|From new Sirleaf Market Women's Fund video (©SMWF)|
|Female marketer in Liberia (from smwf.org)|
Professor Deborah Belle of Boston University (BU) has released findings on the impact of receiving a National Science Foundation ADVANCE program grant, for which she is Principal Investigator, that helps universities develop systematic approaches to increasing representation and advancement of women faculty in science and engineering careers. “For participants in the BU Women in Networks Mary Erskine grant program, the jump to a promising new research venture was facilitated. The awards helped women build key networks, removed research barriers and ultimately promoted a diverse science and engineering faculty at BU.” An important goal of the $750,000 National Science Foundation three-year grant to BU was to strengthen women’s professional networks in science and engineering.
In a case study in the West Bengal State of India, Krishno Dey, Chandana Dey, and Brenda Gael McSweeney examine how a grassroots development initiative in several Indian villages identified the economic benefits of local female leadership and involvement in bolstering the barter and subsistence economy. Throughout the progress of the Srihaswani village-level programme, Creative Manual Skills for self-reliant Development (CMSSRD), the village women and girls in particular found the support to build up their self-confidence and collective voice, the willingness to question and elevate their status within the family, community and larger society.
|Woman Leader in the 70s (©Brenda)|
The UNITWIN/UNESCO Gender Studies eBook will also include case studies from:
Gloria Bonder, UNESCO Regional Chair of Women, Science, and Technology in Latin America based in Argentina, will report on findings from four national research projects that were implemented in Bolivia, Ecuador, El Salvador/Honduras, and Paraguay. As part of the FLACSO Argentina project, “Decentralization and Women’s Human Rights in Latin America and the Caribbean”, research teams examined the relationship between women’s rights and government policy creation and/or implementation in an effort to identify the circumstances that allow for progress in women’s rights issues, greater interaction between the state and the civil society, and the active participation of women in governmental and institutional change.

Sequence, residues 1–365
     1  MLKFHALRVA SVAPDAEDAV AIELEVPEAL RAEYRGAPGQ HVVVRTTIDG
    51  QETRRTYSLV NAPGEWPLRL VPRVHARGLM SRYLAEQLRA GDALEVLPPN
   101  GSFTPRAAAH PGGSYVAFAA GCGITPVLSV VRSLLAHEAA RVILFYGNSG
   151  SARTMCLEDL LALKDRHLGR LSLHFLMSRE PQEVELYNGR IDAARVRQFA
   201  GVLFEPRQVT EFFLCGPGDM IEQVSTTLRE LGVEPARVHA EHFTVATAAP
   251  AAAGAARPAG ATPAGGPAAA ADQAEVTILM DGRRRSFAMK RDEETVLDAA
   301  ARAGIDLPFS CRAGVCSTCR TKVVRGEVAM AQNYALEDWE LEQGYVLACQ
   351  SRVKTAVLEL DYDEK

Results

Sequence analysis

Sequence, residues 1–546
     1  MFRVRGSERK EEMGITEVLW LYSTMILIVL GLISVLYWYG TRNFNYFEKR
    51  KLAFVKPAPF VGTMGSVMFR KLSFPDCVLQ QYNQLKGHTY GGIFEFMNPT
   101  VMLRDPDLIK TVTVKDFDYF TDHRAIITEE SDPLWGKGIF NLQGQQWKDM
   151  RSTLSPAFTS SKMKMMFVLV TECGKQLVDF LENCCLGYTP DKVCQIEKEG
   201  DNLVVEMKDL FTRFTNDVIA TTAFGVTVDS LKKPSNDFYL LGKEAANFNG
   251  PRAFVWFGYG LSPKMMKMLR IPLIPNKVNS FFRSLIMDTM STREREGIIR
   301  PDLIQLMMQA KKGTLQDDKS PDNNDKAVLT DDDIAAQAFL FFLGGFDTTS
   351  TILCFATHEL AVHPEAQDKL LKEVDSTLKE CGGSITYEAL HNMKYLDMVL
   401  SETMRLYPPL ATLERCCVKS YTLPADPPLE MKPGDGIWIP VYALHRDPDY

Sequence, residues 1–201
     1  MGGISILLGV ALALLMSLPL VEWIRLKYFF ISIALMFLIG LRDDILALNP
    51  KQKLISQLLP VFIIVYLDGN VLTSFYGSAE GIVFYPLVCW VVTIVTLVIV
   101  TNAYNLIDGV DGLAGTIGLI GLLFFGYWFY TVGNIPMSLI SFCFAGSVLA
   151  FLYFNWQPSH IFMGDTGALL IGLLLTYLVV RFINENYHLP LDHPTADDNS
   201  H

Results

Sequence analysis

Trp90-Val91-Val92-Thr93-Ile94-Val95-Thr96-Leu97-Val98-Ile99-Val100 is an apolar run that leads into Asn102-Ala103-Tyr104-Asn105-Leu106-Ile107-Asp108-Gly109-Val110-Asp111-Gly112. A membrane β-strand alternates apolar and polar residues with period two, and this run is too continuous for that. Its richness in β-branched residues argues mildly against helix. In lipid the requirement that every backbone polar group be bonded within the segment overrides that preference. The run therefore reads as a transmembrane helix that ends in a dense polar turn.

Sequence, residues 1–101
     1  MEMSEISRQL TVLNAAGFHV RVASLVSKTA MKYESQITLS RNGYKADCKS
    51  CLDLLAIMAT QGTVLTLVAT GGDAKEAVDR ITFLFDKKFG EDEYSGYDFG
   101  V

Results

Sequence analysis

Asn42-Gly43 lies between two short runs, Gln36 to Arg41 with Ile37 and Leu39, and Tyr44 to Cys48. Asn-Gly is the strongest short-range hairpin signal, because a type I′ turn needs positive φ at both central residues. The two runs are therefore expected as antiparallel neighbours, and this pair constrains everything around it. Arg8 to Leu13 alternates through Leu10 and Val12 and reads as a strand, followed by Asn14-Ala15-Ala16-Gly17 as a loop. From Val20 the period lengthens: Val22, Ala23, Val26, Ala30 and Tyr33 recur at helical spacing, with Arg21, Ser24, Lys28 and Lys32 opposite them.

“Discourses emerging from the experiences of women -- mothers, victims of violence”, discusses the major thematic elements that have emerged from a series of seventeen interviews that were conducted with mothers from Cyprus who have been victims of violence. It challenges the conventional frames through which women victims are viewed -- as either celebrated and courageous heroines, if they were able to escape their abusive relationship, or as blameworthy victims if they tolerate the violence -- by revealing how the women’s own identities as victims of violence are shaped by those attitudes.
From the UNESCO Chair on Women's Rights in Morocco, Fouzia Rhissassi’s “The violation of peace within the institution of marriage in Morocco” examines how Moroccan women writers break taboos and reappraise traditional spaces and boundaries -- raising their voices to tell their tales and plead their own cases, as well as to explore different areas of women’s experiences.
From Spain, Virginia Maquieira D’Angelo contributes “Socialization for Equality: Women’s Organizations in Madrid in the Democratic Post-Transition”. Her case study was carried out through fieldwork and interviews. She explores the evolution of women’s groups in Madrid from the 1980s associations of working class homemakers that lacked a feminist agenda, into vehicles of political and legislative change for Spanish women’s rights. She identifies these associations as “spaces of new socialization for equality”, because they brought progress for women through collective participation and empowerment. (Available in English and in Spanish)